This page has details about the required paper.
Your paper is an important part of ENVE 651. The topic of the paper is "use of a risk assessment." You should not actually do a risk assessment, but rather describe, analyze, and comment on a risk assessment done by others. The focus of this course is the effect of chemicals in the environment on humans, but a paper on ecological risk assessment, a food and drug risk assessment, or an assessment of a workplace health hazard is also acceptable. Risks from ionizing radiation found in the environment are also acceptable. Public involvement or controversy regarding a risk assessment might make an interesting paper, but be sure that there is enough material so you can focus on some technical issues about the risk assessment.
18 February. Topic due.
4 March. An outline of your paper, preliminary results of literature search, and questions about the topic to the instructor.
22 April . Paper due.
29 April. Review of other students' papers due.
Attached is a grading plan I use. A copy of your paper without your name will be reviewed by at least two other student's (as you will review two other students' papers). In the past I have weighted my grade times two and averaged it with the student reviewers' grades.
Since you are writing about the use of a risk assessment, you do not need a copy of the actual assessment. It may help, but these are often bulky documents. Somehow you need to find an assessment and then learn how it came about - why was it done - what the conclusions (risk characterization) were, and what was done with the assessment. Public input into the assessment and publicity are interesting. You don't need to emphasize the final risk management decisions, but these are often important. Was the assessment done according to the 1983 NAS outline? Was it done in increments? How was data gathered? Pathways described? Who were the receptors? What kind of report was done? And so on.
For references you should use at least one peer-reviewed article and one compendium in addition to your text. Of course all the material you reference must help you elucidate your topic. It is very important to reference the sources of your information. The ASCE has guides to referencing material. A good guide to citing Web sources is this site: http://www.studygs.net/citation/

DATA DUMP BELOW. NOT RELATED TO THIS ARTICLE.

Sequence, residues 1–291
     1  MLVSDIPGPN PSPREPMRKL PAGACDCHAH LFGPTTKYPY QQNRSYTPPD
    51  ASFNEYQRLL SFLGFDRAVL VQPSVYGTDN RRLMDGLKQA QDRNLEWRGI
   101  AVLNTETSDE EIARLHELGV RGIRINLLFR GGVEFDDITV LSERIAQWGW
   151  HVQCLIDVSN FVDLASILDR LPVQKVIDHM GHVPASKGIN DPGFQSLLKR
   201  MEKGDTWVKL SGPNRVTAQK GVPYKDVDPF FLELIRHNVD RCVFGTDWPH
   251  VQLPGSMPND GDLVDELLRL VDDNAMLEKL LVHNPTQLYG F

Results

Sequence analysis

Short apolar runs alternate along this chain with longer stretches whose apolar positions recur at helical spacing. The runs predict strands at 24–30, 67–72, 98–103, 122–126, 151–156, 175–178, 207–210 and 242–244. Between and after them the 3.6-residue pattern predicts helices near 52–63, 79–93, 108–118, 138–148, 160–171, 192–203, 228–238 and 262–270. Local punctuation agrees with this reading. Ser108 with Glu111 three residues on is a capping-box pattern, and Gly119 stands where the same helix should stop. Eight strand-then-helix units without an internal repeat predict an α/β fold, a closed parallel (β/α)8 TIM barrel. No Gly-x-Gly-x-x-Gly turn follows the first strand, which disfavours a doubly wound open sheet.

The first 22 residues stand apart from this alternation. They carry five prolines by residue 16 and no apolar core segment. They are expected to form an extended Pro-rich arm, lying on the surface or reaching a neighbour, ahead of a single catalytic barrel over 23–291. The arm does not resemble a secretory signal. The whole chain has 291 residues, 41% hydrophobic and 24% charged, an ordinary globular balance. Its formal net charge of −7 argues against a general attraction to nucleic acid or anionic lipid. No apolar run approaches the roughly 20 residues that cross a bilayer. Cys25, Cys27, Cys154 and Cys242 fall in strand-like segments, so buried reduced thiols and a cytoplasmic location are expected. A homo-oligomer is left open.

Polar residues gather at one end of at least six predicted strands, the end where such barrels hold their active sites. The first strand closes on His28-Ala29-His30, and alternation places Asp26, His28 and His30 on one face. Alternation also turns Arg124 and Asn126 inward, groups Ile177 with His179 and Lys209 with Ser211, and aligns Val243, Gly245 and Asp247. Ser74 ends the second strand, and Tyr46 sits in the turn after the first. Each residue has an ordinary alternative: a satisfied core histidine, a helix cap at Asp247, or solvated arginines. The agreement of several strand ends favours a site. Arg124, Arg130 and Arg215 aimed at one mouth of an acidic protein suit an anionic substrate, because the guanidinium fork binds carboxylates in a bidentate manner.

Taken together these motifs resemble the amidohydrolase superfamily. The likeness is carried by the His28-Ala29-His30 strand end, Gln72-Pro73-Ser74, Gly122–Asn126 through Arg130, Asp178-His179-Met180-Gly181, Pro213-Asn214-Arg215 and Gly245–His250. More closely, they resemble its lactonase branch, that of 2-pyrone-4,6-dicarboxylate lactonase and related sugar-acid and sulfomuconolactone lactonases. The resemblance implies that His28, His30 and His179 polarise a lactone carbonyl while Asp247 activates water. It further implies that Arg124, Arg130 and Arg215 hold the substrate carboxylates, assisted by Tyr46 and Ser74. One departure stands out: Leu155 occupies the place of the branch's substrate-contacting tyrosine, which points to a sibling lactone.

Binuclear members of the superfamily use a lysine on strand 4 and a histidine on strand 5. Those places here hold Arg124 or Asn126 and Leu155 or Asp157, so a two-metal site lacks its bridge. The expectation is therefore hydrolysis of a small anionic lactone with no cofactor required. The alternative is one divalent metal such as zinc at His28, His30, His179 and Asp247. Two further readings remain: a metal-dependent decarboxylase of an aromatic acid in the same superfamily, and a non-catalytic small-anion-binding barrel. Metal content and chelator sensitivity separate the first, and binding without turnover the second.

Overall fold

Paper Length and Style
Some parameters: The length should be "just long enough." I never count pages, but the typical paper will be about 10 pages of text, not counting figures. Please use 12-point font and double space. You do not have to use any particular style, as long at it clear, but here is a good standard format from the ASCE, Journal Articles, Submitting a Journal Article, at http://ascelibrary.org/doi/pdf/10.1061/9780784479018.ch05.
Students often miss the most important point about proper references or rather, properly acknowledging the source of material. They perceive the issue as one of nitpicking regarding style. Using material someone else has written without properly acknowledgment is both cheating and stealing. It is often bad writing too. In the old days, when everything had to be reentered by typing, there was not much incentive to leave material exactly as it had been written. Students and other authors can now electronically cut and paste large blocks of material. But this material often does fit into the surrounding text. The correct way to write a paper is to enter all the material into your brain, which somehow integrates the material in your internal data banks. When you put the process in reverse and write, the material is naturally integrated and has logical flow. In scientific and technical writing, each fact that is presented must be referenced to the published research findings of others or the findings of your research that you are reporting. So having written your report, you now go back and cite each fact. Sometimes an exact quotation of one or several paragraphs is necessary. You can electronically cut and paste figures and tables, as long as you cite where you got them.
In student papers, use of copyrighted material is not a big issue, since your paper is only distributed to me and possibly other students. Quoting excerpts of copyrighted works is not against the law, in any case. Copying pictures and graphs can be copyright infringement, if you publish them or use them for gain. Teachers enjoy an exemption from the copyright laws, up to a point, for materials used in class. Once a teacher puts something on the web, it is being published outside the classroom, and the teacher might be infringing a copyright.
Library submodule explains how to search for these articles and how to get them without leaving your computer.
Module 4 Index
ENVE 651 Homepage.